WASHINGTON — Senators who have warned of a massive power grab with the Environmental Protection Agency’s “clarification” of protected waters are accusing the Obama administration of intentionally misleading the public to push the rule through.
Earlier this month, the EPA extended the public comment deadline on the “Waters of the United States” rule to Nov. 14. A final rule is expected in the spring.
In March, the EPA began a “robust” 90-day “outreach effort” to gather input in shaping a final rule, maintaining that the directive is simply a clarification effort needed to define streams and wetlands protection after Supreme Court decisions in 2001 and 2006.
Critics, though, charged that the administration embarked on an unprecedented breach of private property rights without scientific basis.
The EPA wants to cover “most” seasonal and rain-dependent streams, which account for about 60 percent of stream miles in the country, arguing they have “a considerable impact on the downstream waters.”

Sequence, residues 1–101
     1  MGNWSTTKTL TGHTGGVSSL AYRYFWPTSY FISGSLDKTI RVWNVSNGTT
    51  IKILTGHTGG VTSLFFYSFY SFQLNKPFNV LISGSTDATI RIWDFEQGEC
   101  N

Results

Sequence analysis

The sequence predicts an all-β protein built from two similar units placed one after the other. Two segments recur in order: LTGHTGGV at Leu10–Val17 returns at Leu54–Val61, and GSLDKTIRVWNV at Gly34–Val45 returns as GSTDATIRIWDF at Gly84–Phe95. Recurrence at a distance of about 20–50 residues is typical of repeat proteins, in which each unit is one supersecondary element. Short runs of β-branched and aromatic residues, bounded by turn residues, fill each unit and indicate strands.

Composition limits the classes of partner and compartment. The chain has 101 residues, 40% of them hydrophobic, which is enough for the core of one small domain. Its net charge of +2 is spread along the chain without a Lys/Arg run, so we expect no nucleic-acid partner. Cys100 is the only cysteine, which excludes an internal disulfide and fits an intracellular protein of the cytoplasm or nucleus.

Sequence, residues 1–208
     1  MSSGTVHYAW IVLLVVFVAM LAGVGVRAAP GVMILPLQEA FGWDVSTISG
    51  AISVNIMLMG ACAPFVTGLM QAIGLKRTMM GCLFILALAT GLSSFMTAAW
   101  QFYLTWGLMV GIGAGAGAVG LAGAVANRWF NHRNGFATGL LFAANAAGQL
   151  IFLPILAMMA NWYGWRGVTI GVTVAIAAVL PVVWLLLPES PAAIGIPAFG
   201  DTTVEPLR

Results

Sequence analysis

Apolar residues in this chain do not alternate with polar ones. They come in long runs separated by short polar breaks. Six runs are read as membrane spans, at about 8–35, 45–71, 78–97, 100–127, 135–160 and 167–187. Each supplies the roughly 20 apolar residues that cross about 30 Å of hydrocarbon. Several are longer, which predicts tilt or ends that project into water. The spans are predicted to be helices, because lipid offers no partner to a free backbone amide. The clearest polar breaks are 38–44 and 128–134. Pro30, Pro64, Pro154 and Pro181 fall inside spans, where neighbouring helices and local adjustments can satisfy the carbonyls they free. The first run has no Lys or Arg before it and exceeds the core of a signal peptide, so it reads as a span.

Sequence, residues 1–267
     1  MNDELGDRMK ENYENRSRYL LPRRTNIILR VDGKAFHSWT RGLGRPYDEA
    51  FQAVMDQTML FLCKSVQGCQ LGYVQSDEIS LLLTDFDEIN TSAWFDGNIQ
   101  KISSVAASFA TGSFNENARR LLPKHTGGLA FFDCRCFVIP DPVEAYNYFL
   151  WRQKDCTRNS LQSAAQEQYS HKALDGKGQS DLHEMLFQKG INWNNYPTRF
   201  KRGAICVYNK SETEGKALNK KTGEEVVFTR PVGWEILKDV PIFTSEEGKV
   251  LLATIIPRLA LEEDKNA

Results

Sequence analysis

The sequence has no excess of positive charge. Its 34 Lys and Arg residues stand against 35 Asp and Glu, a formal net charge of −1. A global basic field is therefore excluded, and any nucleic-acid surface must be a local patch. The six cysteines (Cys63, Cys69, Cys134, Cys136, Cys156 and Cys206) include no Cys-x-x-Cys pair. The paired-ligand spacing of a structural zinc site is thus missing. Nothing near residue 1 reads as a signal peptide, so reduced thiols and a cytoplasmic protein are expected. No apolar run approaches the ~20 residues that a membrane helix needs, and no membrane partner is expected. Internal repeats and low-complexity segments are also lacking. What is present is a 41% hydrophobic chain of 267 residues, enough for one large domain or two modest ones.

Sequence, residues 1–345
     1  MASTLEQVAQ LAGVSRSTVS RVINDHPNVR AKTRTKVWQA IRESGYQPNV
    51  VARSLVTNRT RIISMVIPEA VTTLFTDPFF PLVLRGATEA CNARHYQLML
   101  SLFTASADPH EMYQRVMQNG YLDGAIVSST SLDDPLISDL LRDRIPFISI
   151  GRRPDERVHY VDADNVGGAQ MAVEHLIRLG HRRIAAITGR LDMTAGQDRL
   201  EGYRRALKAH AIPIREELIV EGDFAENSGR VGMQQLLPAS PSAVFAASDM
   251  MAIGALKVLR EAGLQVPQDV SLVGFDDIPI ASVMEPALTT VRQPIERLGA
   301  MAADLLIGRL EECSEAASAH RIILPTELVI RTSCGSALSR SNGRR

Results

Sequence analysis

Wetlands “near rivers and streams” would be protected under the CWA, and “other types of waters [that] may have more uncertain connections with downstream water and protection will be evaluated through a case specific analysis of whether the connection is or is not significant.” Critics say this could be construed to even include ponds and ditches on private property.
Overall, the EPA stated, a third of waters in the U.S. don’t meet Clean Water Act standards.
Last week, 29 Republican senators sent a letter to EPA Administrator Gina McCarthy and Army Secretary John McHugh, because of the new powers the Army Corps of Engineers would have, criticizing the administration’s insistence on pursuing “this unprecedented executive overreach, regardless of the consequences to the economy and to Americans’ property rights.”
“The proposed rule would provide EPA and the Corps (as well as litigious environmental groups) with the power to dictate the land use decisions of homeowners, small businesses, and local communities throughout the United States,” states the letter, led by Sens. John Barrasso (R-Wyo.), Mitch McConnell (R-Ky.), David Vitter (R-La.) and Ted Cruz (R-Texas). “With few exceptions, it would give the agencies virtually unlimited regulatory authority over all state and local waters, no matter how remote or isolated such waters may be from truly navigable waters. The proposed rule thus usurps legislative authority and Congress’s decision to predicate Clean Water Act jurisdiction on the law’s foundational term, ‘navigable waters.’”